Physical and Biological Sciences Category
My name is Lexis Mader. I am a senior with a biology field/conservation major. I want to go to graduate school in museum preparation. I have worked with Dr. Penning on various projects such as field research at Kellogg Lake, snake research, and turtle research.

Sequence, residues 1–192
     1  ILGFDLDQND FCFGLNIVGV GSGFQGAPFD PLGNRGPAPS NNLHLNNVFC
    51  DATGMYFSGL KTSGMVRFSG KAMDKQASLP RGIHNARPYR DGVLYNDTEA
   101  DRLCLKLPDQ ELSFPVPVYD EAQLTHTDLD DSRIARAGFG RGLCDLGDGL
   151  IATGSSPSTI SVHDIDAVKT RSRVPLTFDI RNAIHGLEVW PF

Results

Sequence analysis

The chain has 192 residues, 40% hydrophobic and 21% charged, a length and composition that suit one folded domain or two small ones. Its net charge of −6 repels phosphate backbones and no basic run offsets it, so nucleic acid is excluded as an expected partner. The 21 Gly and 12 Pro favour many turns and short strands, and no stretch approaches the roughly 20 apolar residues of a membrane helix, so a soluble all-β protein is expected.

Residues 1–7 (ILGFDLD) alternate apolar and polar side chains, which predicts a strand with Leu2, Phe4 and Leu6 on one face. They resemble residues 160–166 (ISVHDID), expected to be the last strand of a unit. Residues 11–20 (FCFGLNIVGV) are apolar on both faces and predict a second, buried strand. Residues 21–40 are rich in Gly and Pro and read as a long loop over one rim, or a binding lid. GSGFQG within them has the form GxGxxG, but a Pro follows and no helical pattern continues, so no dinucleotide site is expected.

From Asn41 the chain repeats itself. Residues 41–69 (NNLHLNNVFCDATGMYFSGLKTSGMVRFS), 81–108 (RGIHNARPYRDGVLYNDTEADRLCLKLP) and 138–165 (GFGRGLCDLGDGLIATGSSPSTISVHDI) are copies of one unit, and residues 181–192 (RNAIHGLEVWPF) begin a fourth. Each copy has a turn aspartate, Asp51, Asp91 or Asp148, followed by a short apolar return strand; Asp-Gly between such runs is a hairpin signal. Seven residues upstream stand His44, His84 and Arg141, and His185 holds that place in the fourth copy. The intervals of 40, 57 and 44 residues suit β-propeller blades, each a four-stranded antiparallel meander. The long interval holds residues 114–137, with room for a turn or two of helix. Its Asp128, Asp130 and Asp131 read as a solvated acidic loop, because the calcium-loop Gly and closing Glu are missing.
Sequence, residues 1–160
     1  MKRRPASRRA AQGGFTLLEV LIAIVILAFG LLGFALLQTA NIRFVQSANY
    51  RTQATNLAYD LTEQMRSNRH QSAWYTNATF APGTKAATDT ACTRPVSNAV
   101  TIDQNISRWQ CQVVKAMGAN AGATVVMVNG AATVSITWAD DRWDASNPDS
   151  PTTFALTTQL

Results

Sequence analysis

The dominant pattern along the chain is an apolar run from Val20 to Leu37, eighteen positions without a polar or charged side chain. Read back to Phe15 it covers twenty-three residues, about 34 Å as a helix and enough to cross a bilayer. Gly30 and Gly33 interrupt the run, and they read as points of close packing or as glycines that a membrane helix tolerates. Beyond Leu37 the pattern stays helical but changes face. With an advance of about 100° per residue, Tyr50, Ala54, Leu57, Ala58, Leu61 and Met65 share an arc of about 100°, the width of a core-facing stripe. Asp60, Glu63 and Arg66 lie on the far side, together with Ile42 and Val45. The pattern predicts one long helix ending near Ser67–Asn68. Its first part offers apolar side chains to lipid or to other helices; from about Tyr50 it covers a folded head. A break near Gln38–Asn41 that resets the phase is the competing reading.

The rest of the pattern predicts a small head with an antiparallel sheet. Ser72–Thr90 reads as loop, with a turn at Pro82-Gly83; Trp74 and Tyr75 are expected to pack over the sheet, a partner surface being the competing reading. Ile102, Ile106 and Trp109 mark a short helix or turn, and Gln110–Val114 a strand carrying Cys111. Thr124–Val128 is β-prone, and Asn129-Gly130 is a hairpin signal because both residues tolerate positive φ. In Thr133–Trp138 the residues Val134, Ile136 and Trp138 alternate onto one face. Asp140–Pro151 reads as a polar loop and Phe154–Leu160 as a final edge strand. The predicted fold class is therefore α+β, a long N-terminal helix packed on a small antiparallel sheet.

Alligator Snapping Turtles (Macrochelys temminckii) are listed by the IUCN (International Union for Conservation of Nature) as a vulnerable species in need of protection. They are slow-growing, long-lived turtles and are the largest freshwater turtle in the United States. They are also well known for their ability to bite with damagingly high forces during both predation and defensive encounters. These bites can be elicited in both winter and summer months if captured. However, being ectothermic, their body temperature is highly reliant on external heat sources. Therefore, changes in body temperature are likely to impact some, or all, of their defensive abilities. Using high-speed video cameras, motion capture software, and force transducers, we measured the bite force and lunge speeds from a group of captive M. temminkii held at 5, 15, and 25°C to test for any potential impacts of body temperature on defensive performance.